Overwhelming: A snapshot of the devastation caused by the Nashville Flood of 2010

16 May

Debris line the streets of a Bellevue neighborhood during the flood recovery process. May 8, 2010

I took this camera-phone photo from the passenger seat of a Honda CR-V as three friends and I were leaving a flood-damaged Bellevue neighborhood late Saturday afternoon, one week after the historic flooding in Middle Tennessee. We had spent the past several hours doing whatever we could to help people we didn’t even know clean up what was left of their homes after the waters had subsided. By the time we had arrived, much of the dirty work had already been done. But we cleaned and sorted and tore down what we could of what was left.

By the end of the day, most of the homes had been completely cleared of possessions.  These had been painstakingly (and I’m sure, tearfully) sorted into separate piles: salvageable items and trash. Family photos, children’s drawings, letters, and high school yearbooks were scattered across backyards to dry out and, in hopes, saved. Books, furniture, appliances, and garbage bags filled with unsalvageable items were piled chest-high out front to be picked up with the trash. Most of the homes had even been stripped down to the frame – carpet, flooring, and drywall removed and added to the piles of debris.

When I looked down the street at an entire row of houses with front lawns piled high with debris, one word came to mind – overwhelming.

From the first day the rain began, I spent hours upon hours poring over photos and video footage of the flooding. I saw photos of these same houses filled with water over my head. I saw the video of the classroom floating down I-24 and the live coverage of the Cumberland cresting and flooding downtown Nashville. I saw the photos of Opry Mills and Opryland and even the Opry stage. These images were all shocking and saddening.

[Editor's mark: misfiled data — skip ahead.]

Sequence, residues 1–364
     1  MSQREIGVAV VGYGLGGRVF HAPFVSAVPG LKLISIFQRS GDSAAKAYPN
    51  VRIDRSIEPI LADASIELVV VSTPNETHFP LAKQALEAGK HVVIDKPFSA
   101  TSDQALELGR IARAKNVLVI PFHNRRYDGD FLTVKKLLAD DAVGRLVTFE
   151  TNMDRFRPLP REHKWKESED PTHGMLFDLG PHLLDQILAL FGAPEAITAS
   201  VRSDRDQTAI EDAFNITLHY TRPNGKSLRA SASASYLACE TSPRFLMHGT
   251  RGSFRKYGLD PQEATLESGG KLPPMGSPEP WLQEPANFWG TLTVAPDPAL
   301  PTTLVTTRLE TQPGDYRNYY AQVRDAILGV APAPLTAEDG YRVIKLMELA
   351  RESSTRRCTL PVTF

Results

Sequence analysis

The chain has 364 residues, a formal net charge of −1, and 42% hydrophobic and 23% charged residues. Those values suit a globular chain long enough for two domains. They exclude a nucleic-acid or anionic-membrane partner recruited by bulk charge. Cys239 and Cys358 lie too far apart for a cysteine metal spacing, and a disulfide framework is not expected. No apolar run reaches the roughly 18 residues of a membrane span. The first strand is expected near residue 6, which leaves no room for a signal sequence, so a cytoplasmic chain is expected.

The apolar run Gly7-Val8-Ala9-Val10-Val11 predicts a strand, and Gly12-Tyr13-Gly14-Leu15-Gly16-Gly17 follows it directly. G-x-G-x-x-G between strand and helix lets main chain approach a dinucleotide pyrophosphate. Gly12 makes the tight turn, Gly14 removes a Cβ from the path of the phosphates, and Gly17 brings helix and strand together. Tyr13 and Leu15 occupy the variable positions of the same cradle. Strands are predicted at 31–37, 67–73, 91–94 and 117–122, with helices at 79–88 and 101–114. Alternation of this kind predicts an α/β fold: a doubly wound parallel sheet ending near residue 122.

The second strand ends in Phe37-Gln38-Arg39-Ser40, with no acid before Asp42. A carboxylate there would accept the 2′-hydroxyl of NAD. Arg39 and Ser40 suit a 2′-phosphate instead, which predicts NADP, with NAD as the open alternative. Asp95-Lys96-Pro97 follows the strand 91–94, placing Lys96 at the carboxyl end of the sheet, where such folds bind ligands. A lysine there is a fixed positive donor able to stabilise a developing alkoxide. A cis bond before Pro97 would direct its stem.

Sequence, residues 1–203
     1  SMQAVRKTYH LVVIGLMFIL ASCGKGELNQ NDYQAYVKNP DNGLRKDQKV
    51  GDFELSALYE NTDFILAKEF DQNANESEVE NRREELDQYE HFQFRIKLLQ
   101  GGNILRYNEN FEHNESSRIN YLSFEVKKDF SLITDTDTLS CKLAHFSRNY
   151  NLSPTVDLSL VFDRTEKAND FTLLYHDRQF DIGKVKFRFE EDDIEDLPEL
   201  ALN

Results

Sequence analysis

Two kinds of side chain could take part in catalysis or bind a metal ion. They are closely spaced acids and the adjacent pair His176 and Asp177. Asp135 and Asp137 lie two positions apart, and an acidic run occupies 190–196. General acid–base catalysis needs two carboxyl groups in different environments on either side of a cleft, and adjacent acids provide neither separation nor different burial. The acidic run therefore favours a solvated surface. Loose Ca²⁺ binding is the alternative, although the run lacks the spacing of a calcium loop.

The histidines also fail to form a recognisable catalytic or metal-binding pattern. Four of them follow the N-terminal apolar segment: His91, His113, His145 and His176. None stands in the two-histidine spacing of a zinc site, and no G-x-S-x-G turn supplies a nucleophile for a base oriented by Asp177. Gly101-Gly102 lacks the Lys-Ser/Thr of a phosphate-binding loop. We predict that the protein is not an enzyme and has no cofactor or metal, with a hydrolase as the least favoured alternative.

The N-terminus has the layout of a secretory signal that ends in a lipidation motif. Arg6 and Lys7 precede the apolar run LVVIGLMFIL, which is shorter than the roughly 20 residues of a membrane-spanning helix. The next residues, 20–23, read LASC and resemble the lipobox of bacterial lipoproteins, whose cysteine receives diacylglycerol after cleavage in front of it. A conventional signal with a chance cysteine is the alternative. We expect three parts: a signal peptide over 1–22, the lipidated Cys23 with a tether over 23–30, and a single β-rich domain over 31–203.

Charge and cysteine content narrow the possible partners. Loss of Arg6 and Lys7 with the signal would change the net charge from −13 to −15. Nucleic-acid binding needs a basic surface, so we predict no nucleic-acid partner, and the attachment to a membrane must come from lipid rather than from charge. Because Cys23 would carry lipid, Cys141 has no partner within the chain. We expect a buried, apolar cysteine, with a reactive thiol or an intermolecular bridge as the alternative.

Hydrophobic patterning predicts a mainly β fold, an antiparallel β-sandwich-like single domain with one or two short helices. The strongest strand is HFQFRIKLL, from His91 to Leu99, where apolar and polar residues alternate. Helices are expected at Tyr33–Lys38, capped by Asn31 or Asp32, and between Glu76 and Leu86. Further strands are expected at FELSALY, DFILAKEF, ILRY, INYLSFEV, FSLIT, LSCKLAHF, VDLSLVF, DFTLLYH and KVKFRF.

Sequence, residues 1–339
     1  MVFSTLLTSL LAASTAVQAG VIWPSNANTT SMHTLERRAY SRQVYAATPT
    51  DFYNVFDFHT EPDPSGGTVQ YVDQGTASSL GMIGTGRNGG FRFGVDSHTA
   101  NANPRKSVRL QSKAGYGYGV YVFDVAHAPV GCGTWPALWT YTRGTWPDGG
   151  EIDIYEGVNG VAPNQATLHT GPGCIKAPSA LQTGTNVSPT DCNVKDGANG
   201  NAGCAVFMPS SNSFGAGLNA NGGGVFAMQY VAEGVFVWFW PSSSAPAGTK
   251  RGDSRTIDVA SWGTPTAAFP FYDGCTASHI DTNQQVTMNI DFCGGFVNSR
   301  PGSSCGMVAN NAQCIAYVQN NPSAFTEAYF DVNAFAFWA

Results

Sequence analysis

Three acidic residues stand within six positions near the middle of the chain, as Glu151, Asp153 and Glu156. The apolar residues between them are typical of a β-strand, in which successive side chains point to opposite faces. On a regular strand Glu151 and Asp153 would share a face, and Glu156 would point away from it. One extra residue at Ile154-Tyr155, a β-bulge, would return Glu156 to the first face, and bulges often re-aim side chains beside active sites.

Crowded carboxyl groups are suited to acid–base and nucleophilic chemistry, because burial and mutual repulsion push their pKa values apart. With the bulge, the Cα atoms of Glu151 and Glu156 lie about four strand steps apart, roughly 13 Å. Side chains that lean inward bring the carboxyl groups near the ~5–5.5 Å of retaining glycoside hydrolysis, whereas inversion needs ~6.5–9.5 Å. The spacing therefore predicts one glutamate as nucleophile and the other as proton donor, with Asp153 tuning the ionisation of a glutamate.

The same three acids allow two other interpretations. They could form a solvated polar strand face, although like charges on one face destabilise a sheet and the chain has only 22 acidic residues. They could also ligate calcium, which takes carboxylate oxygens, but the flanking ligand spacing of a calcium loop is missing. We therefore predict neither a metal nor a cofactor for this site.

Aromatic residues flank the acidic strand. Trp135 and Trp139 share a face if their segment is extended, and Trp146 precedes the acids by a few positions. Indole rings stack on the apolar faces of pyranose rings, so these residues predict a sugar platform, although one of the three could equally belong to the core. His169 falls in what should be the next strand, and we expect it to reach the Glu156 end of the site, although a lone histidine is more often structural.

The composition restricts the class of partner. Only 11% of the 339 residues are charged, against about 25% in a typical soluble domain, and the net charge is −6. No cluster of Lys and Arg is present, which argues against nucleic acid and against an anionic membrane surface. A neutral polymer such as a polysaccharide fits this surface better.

But they were just that to me: shocking images. Seeing photos of the rising water, however, did not compare to seeing the actual damage caused by the water. I was unable to wrap my mind around the depth of the devastation until I saw, firsthand, homes stripped to the bone.  Construction paper drawings that once proudly covered refrigerator doors strewn across lawns. A woman packing up what was left of her belongings, loading them into a car, and pulling out of her driveway with tears in her eyes – tears she had been holding back because until then, there was no time for tears, only tough decisions and hard work. Soggy, mud-covered books being tossed into black heavy-duty trash bags. Entire rows of homes practically hidden by mounds and mounds of curbside debris.


But the destruction wasn’t the only thing I found overwhelming that day. In the photo above, if you look past the ruined furniture and the drywall and the trash, you’ll see something else lining the curb. Cars. Cars filled with friends and neighbors, even  strangers. People willing to do the dirty work, the hard labor, the heavy lifting helping people sort through the mud and the debris so they can begin to put their lives back together.

And that made the damage seem a little less overwhelming, a little less devastating, and a little less hopeless. Because in the end, the most reassurance comes in knowing you’re not in it alone.


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